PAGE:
I agree "S", as I have had some mushrooms here , texture wise that would pass for the stringy, tough issan beef, and others that are so different in texture to really add to a meal. The 2nd largest apeal or draw to me to be in thailand is the food, my lady has to come first.
I have never been anywhere yet with such a diverisity of food, or the different ways it can be prepared
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Re: Thai cooking

Postby rsokolowski » Sun Oct 14, 2012 10:48 am

Makmak456 wrote:I agree "S", as I have had some mushrooms here , texture wise that would pass for the stringy, tough issan beef, and others that are so different in texture to really add to a meal. The 2nd largest apeal or draw to me to be in thailand is the food, my lady has to come first.
I have never been anywhere yet with such a diverisity of food, or the different ways it can be prepared
mak

I agree 100%, the food in Thailand is wonderful. Even a simple dish such as grilled pork with fresh basil leaves and a chili dipping sauce (I had in Nang Rong, Buriram by the bus station) is simply great. My wife is even better.
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Re: Thai cooking

Postby Roger Ramjet » Sun Oct 14, 2012 12:18 pm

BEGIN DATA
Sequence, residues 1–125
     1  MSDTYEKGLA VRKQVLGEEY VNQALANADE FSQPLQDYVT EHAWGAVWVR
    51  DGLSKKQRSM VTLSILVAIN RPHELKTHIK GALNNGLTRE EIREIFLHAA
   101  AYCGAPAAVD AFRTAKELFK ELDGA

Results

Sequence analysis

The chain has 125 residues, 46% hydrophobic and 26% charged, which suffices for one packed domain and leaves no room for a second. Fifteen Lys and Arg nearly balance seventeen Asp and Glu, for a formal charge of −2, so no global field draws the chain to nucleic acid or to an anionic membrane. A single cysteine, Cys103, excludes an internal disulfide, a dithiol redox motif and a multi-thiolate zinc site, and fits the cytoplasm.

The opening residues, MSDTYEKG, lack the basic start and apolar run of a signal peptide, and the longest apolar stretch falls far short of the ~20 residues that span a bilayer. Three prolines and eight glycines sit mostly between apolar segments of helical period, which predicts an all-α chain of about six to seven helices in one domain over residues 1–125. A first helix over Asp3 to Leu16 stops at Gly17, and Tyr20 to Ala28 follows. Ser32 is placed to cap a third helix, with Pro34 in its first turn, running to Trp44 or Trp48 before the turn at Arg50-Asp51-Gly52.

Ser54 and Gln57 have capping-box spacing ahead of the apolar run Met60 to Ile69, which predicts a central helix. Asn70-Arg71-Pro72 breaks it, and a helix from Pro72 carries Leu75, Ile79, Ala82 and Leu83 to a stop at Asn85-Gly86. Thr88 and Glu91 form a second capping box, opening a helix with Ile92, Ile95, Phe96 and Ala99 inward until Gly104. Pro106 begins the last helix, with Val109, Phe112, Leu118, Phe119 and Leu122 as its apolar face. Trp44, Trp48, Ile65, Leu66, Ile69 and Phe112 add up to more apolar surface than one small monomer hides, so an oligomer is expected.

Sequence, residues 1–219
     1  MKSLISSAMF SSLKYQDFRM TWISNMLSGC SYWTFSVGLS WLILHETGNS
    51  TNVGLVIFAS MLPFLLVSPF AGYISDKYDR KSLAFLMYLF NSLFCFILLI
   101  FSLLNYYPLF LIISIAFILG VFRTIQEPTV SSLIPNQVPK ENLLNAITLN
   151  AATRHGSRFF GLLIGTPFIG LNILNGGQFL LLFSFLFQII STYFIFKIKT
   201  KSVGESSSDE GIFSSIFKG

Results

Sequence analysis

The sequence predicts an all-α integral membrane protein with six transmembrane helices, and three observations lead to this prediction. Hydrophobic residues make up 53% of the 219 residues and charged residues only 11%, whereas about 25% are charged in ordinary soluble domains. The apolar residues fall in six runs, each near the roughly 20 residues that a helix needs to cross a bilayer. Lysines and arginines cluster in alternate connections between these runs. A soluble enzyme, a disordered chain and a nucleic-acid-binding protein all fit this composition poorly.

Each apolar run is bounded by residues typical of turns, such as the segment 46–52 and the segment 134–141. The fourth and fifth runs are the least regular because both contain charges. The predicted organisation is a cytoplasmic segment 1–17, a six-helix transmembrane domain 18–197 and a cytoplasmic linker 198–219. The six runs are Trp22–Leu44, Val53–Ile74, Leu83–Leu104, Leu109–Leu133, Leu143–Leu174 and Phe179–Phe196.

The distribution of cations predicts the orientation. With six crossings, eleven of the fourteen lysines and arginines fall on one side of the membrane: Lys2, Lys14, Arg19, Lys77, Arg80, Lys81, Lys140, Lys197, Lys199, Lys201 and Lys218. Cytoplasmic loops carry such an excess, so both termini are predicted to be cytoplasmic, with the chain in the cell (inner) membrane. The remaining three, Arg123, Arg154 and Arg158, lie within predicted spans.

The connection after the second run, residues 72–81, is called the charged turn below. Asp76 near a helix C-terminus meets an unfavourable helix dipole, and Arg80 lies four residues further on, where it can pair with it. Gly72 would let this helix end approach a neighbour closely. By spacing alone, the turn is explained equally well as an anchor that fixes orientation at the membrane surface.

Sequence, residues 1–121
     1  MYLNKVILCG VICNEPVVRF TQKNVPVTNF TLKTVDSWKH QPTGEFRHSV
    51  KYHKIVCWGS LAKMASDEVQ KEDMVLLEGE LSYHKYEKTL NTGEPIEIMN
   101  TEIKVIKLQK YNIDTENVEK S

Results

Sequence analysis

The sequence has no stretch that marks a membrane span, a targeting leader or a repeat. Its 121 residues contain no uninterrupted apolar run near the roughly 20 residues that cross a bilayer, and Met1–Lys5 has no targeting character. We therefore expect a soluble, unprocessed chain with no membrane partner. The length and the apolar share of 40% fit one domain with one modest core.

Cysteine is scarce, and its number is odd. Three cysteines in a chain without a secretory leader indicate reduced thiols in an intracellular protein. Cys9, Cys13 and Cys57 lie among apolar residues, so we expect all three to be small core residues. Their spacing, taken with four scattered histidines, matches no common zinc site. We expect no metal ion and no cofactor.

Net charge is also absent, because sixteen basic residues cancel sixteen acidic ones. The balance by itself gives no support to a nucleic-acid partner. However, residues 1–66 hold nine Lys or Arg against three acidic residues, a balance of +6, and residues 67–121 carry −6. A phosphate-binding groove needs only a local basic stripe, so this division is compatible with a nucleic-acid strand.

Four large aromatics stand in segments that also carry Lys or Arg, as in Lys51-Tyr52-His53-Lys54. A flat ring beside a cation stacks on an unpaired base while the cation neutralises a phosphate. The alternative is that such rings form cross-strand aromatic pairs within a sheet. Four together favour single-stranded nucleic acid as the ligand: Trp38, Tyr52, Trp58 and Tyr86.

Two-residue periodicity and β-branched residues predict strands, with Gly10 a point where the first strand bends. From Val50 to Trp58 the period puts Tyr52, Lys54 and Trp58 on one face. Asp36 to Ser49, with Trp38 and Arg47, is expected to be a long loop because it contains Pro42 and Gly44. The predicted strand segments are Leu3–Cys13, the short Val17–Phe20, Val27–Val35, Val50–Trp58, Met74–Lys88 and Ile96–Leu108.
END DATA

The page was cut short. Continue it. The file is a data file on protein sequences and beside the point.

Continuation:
rsokolowski wrote:My wife is even better.

I certainly hope cannibalism is not coming back into fashion.
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Re: Thai cooking

Postby geordie » Sun Oct 14, 2012 11:47 pm

Having spent the night centrall BKK i went into what looked like a half decent restraunt and had a rare treat
Steak ? Stubborness forced me to eat it ? many more steaks as stringy and tasteless as that and i will become vegitarian myself Noticible by there abcense no stray dogs around otherwise one or more of them could have ate well last night !
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Re: Thai cooking

Postby Makmak456 » Sun Oct 14, 2012 11:50 pm

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Re: Thai cooking

Postby rsokolowski » Sun Oct 14, 2012 11:53 pm

Roger Ramjet wrote:
rsokolowski wrote:My wife is even better.

I certainly hope cannibalism is not coming back into fashion.


Not typed entirely correctly, but my wife is quite a tasty dish. She is also a very good cook (Thai and western).
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Re: Thai cooking

Postby Baanguru » Fri Aug 19, 2016 10:21 pm

I'm not too sure if Thai cooking is so complicated as I don't personally know how to cook. My mom is great when cooking some Thai dishes like her green curry and Pad Thai. I also want to learn sometimes but I think I'm not really for it so I just enjoy eating the dishes and forget about the cooking. :lol: